Common IMP Roof Installation Mistakes

Insulated metal panel (IMP) roofs provide a number of benefits, including ensuring a tight envelope and a high R-value. However, those benefits won’t be realized if mistakes are made during the installation process. Here are five mistakes to avoid when installing an IMP roof.

Information on five mistakes to avoid when installing a metal roof

By Al Detmer

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Not Starting with a Level Surface

Before laying the first panel, it is imperative to make sure the steel structure is in line. Failing to do so can result in a poorly finished product. Installers need to check to make sure the purlins are level and square. This can be done by pulling a dry line across the steel or using a laser level. Most IMP manufacturers will specify the amount of tolerances they allow.

Installing IMP roof panels on a frame that is out of spec will cause two problems. The first is it will be difficult to lock the panels together. The second is that when the sun shines on the roof, it will have an oil canning effect and show the ripples in the roof. Oil canning is also known as elastic buckling or stress wrinkling.

Poor Caulking and Taping

All IMP roof installations involve the use of butyl caulk and butyl tape. The interior joints get caulked and provide a vapor barrier. It is crucial that installers use a heavy, even bead of caulk. Butyl tape is typically used on the exterior seams, and is applied to the male leg, which has a 90-degree angle. Neither is difficult to apply, so mistakes are typically due to sloppy workmanship—the results of which may not be noticed until the rainy season or when cold weather and warm interior temperatures meet, causing condensation.

Loose Foam-to-Foam Connections

On an IMP roof, the foam panel provides the R-value. It’s probably one of the main reasons that IMPs are specified. If the foam-to-foam joints are not tight, the envelope will be compromised by vapor leaks. Repairing gaps in those joints is a major endeavor due to the height of most buildings.

Bad Seaming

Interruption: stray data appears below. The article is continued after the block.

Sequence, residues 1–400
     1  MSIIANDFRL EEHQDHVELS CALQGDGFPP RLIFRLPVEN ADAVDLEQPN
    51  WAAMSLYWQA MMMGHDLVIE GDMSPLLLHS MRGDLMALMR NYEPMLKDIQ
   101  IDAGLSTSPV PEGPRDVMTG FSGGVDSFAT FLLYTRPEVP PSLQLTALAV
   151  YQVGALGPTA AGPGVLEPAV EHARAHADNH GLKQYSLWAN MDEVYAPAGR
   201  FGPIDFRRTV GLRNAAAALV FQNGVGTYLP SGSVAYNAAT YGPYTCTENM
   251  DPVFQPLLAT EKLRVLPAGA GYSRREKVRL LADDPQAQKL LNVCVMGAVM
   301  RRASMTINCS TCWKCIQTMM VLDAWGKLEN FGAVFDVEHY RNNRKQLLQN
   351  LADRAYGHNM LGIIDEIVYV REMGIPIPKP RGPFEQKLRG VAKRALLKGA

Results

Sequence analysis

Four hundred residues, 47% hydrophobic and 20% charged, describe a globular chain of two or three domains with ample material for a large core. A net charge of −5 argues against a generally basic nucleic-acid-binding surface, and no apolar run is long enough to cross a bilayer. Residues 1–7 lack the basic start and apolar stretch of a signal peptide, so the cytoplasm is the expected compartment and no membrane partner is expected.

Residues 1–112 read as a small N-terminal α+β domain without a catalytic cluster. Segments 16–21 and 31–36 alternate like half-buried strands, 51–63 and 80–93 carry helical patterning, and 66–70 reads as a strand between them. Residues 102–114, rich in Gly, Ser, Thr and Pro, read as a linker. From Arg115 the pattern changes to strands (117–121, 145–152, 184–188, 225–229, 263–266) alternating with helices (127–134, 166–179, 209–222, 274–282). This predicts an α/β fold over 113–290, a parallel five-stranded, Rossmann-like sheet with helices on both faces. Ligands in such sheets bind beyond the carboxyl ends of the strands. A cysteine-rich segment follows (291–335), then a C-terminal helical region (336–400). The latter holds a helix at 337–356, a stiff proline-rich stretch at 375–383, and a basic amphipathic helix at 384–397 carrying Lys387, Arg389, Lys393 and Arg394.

Most IMP roof installations will involve the use of an electric seamer. The seamer rolls and forms the final bend when panels are joined. Prior to seaming, clips (concealed fasteners) are used along the outside edges of each panel to keep them in place. A hand crimper is used to pull the clips together tight. If the clips are not properly installed, the electric seamer will bounce off and leave a gap that will allow air and water in.

Poor Lap Joints

Lap joints are where two panels butt together. Failing to make sure the joint is tight will produce a vapor leak, compromising the integrity of the envelope. What would cause these problems when installing an IMP roof? One reason would be a lack of experience on the part of the installer.

Experience in other types of roofing does not mean a company or crew has the skills needed to properly install an IMP roof. Another reason is poor workmanship. Installation problems should be avoided at all costs when using IMP roofs because removing panels after the work has been completed to fix problems is very difficult, costly and time consuming.

Most IMP manufacturers provide classes and seminars on proper installation procedures. Contractors can contact manufacturers for recommendations on finding qualified installers.

Al Detmer is field technical services manager for Kingspan Insulated Panels North America, Deland, Fla. For more information, visit

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